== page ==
“...you share in the inheritance of the saints in the kingdom of light. For he has rescued us from the dominion of darkness and brought us into the kingdom of the Son he loves… He is the image of the invisible God, the firstborn over all creation. For by him all things were created: things in heaven and on earth, visible and invisible, whether thrones or powers or rulers or authorities; all things were created by him and for him. He is before all things, and in him all things hold together. And he is the head of the body, the church; he is the beginning and the firstborn from among the dead, so that in everything he might have the supremacy.”

And not only do we participate in His glory but in his suffering as well, for St. Paul goes on to say, “I fill up in my flesh what is still lacking in regard to Christ's afflictions, for the sake of his body, which is the church” and “To them [the saints] God has chosen to make known among the Gentiles the glorious riches of this mystery, which is Christ in you, the hope of glory. To this end I labor, struggling with all his energy, which so powerfully works in me.”  (Col. 1:12-29)

Here is full inter-communion with a vengeance, and it all centers in communion with Christ “who dwells in us and we in Him.”

There are degrees of participation in the heavenly church. Heaven is a Kingdom, one household with many rooms, neither a Republic nor a Democracy. The four and twenty elders are closer to the throne than others, and among them one is on the left and another on the right even though Jesus refused to say which would be which. Rank upon rank of the sons of Israel stand before the throne with the seal of God upon their foreheads, and myriads of martyrs from every nation stand about as far as the eye can see. There is a hierarchy of sacramental participation just as on earth there are degrees within the sacramental system itself, as our catechism and articles acknowledge. Here is hierarchy; here is holy order. And where there is order there is also law.

Throughout the entire Book of Revelation there is no mention of law, and St. Augustine argued that in Heaven there are no laws because there is no sin. As far as the moral law is concerned, he was quite right. One of the great things about the world to come is that no-one will be worrying about morality. Everyone will so enjoy being good, that they will have neither the time nor the energy to think or argue about being good.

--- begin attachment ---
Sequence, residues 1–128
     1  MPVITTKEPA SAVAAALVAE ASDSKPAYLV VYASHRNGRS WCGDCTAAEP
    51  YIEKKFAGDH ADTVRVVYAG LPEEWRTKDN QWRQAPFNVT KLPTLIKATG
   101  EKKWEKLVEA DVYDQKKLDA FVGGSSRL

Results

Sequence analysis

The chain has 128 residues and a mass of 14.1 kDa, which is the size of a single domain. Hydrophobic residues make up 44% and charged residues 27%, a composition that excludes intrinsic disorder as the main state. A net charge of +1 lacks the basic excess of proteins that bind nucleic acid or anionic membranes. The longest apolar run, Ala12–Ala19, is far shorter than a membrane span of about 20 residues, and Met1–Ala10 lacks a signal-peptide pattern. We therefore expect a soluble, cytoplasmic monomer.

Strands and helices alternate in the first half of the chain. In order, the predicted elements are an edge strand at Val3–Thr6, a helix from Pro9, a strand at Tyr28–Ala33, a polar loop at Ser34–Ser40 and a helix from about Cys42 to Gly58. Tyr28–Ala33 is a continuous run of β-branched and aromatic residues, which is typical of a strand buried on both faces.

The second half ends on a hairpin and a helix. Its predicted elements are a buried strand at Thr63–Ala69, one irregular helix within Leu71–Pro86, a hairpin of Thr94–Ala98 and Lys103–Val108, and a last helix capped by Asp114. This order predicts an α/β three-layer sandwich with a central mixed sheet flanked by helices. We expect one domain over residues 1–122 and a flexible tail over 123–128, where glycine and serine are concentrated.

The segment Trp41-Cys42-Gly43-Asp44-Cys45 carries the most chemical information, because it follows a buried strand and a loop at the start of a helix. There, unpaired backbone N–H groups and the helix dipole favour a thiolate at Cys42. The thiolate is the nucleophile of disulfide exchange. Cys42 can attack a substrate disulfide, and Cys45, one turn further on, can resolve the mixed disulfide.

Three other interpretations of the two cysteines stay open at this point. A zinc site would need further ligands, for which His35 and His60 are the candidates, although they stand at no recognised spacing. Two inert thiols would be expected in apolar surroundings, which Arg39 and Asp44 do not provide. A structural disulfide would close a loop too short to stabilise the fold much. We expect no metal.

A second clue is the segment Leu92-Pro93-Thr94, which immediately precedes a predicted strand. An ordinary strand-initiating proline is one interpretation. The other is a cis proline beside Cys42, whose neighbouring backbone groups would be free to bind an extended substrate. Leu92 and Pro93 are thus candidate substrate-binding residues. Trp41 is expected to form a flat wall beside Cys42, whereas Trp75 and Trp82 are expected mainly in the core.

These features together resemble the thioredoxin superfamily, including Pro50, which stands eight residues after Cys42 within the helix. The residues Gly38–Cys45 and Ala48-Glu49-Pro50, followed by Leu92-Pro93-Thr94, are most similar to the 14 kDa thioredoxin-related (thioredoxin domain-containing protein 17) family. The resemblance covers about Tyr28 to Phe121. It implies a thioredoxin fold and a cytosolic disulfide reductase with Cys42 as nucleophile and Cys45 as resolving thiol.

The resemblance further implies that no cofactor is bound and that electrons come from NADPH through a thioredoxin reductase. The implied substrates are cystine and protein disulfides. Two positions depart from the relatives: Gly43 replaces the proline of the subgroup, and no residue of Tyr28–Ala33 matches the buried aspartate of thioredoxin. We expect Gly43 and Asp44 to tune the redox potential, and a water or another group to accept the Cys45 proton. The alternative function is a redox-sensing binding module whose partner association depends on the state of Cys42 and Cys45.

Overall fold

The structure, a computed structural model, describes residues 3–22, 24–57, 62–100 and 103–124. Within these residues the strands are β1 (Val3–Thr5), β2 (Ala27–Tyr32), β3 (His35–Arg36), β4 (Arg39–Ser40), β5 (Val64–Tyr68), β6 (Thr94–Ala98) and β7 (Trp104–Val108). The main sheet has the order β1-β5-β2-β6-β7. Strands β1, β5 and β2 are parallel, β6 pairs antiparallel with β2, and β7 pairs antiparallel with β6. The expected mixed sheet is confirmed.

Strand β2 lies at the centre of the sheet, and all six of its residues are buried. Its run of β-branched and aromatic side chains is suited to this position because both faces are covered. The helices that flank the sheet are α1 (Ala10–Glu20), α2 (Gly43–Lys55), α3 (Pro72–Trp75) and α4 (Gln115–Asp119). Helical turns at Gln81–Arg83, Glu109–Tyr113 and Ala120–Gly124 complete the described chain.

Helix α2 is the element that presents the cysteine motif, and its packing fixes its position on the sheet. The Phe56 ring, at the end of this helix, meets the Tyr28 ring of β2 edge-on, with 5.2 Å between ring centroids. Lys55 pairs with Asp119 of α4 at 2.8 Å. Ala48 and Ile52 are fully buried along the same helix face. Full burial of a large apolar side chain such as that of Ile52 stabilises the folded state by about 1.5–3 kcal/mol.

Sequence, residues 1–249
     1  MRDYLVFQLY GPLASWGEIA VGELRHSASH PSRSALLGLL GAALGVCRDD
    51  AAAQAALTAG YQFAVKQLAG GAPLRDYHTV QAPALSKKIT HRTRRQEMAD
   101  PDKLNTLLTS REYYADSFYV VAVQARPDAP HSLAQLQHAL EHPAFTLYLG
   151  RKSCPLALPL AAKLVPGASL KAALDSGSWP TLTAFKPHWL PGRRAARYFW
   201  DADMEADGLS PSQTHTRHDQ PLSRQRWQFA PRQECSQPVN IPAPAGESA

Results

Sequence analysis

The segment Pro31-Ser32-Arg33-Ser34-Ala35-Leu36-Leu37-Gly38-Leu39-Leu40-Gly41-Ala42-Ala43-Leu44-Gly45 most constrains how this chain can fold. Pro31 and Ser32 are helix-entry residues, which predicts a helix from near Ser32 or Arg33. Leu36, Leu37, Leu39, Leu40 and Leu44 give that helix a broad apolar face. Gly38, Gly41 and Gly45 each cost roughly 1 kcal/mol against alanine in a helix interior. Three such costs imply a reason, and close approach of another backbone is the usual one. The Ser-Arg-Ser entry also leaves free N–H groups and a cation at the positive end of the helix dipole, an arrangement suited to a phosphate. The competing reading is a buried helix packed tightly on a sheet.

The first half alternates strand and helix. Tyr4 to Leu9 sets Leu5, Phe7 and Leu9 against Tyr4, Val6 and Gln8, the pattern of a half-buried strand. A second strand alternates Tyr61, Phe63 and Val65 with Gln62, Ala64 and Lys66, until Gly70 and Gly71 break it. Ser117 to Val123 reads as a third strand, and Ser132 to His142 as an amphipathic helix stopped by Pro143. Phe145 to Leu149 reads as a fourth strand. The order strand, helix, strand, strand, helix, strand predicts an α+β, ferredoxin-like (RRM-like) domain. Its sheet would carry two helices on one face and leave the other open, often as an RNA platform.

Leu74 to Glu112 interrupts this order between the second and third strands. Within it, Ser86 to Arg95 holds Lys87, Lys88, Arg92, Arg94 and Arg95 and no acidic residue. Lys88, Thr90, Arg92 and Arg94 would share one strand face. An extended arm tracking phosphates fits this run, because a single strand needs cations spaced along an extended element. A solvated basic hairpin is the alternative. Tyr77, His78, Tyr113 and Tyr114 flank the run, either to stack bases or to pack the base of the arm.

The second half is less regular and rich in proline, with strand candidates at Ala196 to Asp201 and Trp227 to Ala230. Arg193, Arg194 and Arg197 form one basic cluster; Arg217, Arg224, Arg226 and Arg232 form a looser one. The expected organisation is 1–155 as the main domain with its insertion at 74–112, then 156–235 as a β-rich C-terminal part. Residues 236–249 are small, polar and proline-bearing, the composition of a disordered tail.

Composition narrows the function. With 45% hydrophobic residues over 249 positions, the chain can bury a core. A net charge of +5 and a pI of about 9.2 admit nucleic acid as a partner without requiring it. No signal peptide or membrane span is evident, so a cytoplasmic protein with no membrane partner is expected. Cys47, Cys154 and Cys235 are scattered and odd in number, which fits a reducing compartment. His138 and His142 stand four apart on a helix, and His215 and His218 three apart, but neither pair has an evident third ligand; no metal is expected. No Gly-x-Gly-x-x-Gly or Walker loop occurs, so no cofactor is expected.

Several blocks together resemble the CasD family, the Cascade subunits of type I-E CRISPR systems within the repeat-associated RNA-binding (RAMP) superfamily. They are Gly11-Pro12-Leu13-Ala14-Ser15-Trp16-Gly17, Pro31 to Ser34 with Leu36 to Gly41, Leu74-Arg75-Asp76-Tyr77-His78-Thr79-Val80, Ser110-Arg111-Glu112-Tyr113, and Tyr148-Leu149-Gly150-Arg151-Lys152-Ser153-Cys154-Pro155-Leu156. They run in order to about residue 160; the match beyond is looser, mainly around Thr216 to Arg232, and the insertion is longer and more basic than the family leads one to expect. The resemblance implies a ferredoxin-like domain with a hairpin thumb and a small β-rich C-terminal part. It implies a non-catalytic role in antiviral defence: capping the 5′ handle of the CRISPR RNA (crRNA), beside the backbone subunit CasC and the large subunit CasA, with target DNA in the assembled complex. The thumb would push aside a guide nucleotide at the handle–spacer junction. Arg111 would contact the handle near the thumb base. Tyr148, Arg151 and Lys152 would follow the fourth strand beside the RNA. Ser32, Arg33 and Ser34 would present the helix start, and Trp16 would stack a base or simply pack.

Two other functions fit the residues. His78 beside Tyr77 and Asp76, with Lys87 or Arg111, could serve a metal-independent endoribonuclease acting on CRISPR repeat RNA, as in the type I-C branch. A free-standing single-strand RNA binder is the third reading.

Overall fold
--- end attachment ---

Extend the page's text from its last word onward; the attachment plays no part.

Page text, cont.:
Then St. Thomas Aquinas came along and pointed out that even though there is no sin in Heaven the saints still need someone to direct the traffic. It will make no difference whether they ride on the right or left hand side of the road, but someone will have to decide and the others will have to obey. The world to come, like the present one, will be a physical world, transfigured in one form or another but physical nonetheless, an outward and visible sign of an inward and spiritual grace in which cars and trains and planes can give God the glory, but can also run into one another. We will all have resurrected bodies, but they will be bodies none the less. When St. Paul talks about our “spiritual bodies,” he is talking about bodies under the complete control of spirit, the perfect expression of who we really are. Our spiritual bodies will be outward and visible signs of inward and spiritual realities – perfect sacraments, just as the whole cosmos will be a perfect sacrament of the presence of the Lamb.

How then does all this relate to our portion of the church here on earth? What do the Revelatory images of St. John tell us about our own parishes and diocese? And what critical leverage do they bring to the current state of the Episcopal Church? For the writers of the epistles: SS. Paul, Peter and John, the author of Hebrews and others, there is a very intimate relationship between the communion of saints and the earthly church. They are the reality and we are the “shadow of things hoped for.” We are living in the world of C.S. Lewis’s Shadowlands.

In itself this all sounds very Platonic and can lead us to think that the real church is an invisible collection of individuals existing only in some vague ideal and unobtainable world that we just can’t quite put our finger on, a priesthood of all believers rather than a holy priesthood, one that can lead us to believe that we had better keep our eyes on the institutional church of this world and let the invisible heavenly church take care of itself.
But the relationship is much closer and deeper than this. The author of the letter to the Hebrews is quite clear. Though the tabernacle built by Moses was but a shadow of things to come, we live in the post-Mosaic dispensation in which Christ has made all the shadows real. As Hebrews tells us: “The Son is the radiance of God's glory and the exact representation of his being, sustaining all things by his powerful word.” (Hebrews 1:3) And in different words St. Paul says much the same: “We, who with unveiled faces all reflect the Lord's glory, are being transformed into his likeness with ever-increasing glory, which comes from the Lord, who is the Spirit.”  (2 Cor. 3:18; cf. 1 Cor. 15:22-24)